How many clients have come to you after running bloodwork with their doctor and being told everything is “normal” when they feel the opposite? Blood tests don’t always tell you the whole story about what is going on with a person’s health. That’s why it’s important to do a functional blood chemistry analysis done by a practitioner who is trained in how to read and interpret the results from a functional standpoint.
How is functional blood chemistry different than the typical blood analysis?
Here is an example. Let’s say that there is a woman who we’ll call Jane. Jane has been dealing with some minor, but nagging health complaints such as fatigue and brain fog. These symptoms are mild, but have been getting worse and are starting to affect her life, so she schedules an appointment with her doctor. He proceeds to do a basic blood chemistry panel on her. When the results come back, her doctor informs her that there is nothing wrong with her. This is because everything on the tests came back in the normal reference range.
But Jane knew better. Her fatigue and brain fog are not normal and she senses she is not fine. Something is not functioning properly in her body and it’s time for her to seek out the help of someone who can really make a difference – a Functional Diagnostic Nutrition® Practitioner.
There is no difference in the blood test itself, but there is a big difference in how the test is interpreted. When it comes to blood chemistry analysis, there are two ranges that can be looked at and analyzed. The Pathological and the Functional range.
The Pathological range is the range most commonly looked at by allopathic doctors. This range indicates a level of disease in the body. It tends to be a very wide range, with focus going to markers in the high and low areas of the range.
The Functional range is the range we want to compare ourselves and our clients to as it relates to the optimal range in which someone will feel their best.
The frustration of focusing only on the Pathological range…
So, like we saw with Jane, if the test results fall within the bounds of “normal” Pathological range, and don’t indicate disease, then it is likely that a doctor will tell his patient that there is nothing wrong. That can leave a patient frustrated, without answers and still feeling unwell. As a result, your clients may come to you looking for advice on what to do next.
The Functional range varies from the Pathological range – It is a much narrower range than the Pathological range. Although much of this range is considered by many doctors to be normal, this range can show more subtle signs that disease and dysfunction are starting in the body. It can be used to gauge the risk of a disease developing before the disease actually occurs. In the FDN® Certification Course you are taught to interpret test results from a functional perspective and gain deeper insight as to what is going on with your client and how to help.
The “normal” range
The Functional range that is considered “normal” by many doctors in fact may be giving indication that the body is out of balance. If left unchecked, disease will be the outcome. But when looking at the Functional range, a practitioner, like an FDN-P who can interpret subtle variations and patterns of beginning dysfunction, can often work with a client to prevent the onset of disease and reverse symptoms.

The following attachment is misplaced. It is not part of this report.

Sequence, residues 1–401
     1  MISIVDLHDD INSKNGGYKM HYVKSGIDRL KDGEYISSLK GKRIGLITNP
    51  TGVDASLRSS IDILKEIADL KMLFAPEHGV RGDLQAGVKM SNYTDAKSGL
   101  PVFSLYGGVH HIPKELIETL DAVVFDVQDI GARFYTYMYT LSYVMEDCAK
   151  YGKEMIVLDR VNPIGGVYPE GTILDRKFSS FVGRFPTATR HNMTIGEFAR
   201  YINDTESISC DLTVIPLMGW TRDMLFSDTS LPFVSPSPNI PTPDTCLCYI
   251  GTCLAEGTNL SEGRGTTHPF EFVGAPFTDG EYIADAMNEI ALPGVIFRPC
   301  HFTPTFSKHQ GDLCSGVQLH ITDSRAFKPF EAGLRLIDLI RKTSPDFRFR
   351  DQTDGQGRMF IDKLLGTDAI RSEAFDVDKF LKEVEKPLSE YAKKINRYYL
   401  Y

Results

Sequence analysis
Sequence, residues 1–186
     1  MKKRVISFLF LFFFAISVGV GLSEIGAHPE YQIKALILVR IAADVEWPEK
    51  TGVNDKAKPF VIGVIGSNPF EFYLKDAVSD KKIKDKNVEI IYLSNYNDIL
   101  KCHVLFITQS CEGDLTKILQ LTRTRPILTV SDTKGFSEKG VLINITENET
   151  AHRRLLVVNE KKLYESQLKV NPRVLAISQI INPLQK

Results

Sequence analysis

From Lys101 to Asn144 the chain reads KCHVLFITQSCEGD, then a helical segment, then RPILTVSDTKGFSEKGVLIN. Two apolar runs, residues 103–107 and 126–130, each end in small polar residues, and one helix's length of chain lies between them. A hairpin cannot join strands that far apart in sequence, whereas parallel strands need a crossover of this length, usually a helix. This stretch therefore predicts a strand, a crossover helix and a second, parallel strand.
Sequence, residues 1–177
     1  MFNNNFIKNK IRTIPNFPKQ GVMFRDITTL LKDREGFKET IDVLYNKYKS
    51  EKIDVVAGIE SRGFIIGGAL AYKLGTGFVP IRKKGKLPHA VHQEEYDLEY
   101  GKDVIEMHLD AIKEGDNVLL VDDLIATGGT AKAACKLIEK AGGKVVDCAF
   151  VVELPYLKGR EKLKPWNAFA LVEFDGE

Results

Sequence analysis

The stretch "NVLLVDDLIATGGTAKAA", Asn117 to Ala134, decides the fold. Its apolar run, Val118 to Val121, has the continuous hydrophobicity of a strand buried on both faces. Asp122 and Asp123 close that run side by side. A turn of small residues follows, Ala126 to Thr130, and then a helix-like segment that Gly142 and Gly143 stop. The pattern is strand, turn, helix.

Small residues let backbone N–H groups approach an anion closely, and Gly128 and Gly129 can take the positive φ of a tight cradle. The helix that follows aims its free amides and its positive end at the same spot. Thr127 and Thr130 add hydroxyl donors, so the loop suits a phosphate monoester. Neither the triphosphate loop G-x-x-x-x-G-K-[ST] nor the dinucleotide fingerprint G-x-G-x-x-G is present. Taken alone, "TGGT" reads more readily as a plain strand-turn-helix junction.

This preventative work can be done through appropriate diet, exercise, stress management, quality sleep, proper supplementation and other non-invasive natural therapies and modalities. Functional Diagnostic Nutrition® Practitioners use these basic health building principles to outperform specific treatments with their training on how to help their clients D.R.E.S.S. for Health Success®.
Unfortunately, our current model of healthcare is not setup for the prevention of disease, but for the treatment of disease. The majority of doctors aren’t looking for the factors that could lead to disease while interpreting a blood chemistry panel. They are looking for the markers that disease is already occurring in the body.
Remember our friend Jane?
After the frustration of being told that there is nothing wrong with her, she contacted an FDN Practitioner who was trained in Functional Blood Chemistry analysis. Jane shared her blood chemistry test results with her practitioner, who easily spotted some patterns within some of the blood chemistry markers that showed that there was indeed dysfunction occurring in her body.
Her FDN Practitioner worked closely with her, helping her to recognize what dietary changes she needed to make to support healing in her body. They uncovered some of the hidden stressors in her body. She started on a good exercise program and began sleeping better. Plus, she began taking the right supplements to support what her body needed to heal and function optimally. Within a few weeks, Jane was beginning to feel better. Her fatigue and brain fog began to diminish and her energy and vitality increased.
Both lab ranges are important
Both ranges are important and serve their purpose. If someone truly is in a state of disease, the Pathological range will help a doctor to identify that. But the Functional range also needs to be considered. It is this range that will help you to know if dysfunction is beginning. And it will allow you to start taking the steps to reverse that dysfunction….before it becomes a chronic disease state for your client.
You too can become trained on how to use functional lab testing to help clients on a deeper level with a certification from Functional Diagnostic Nutrition®.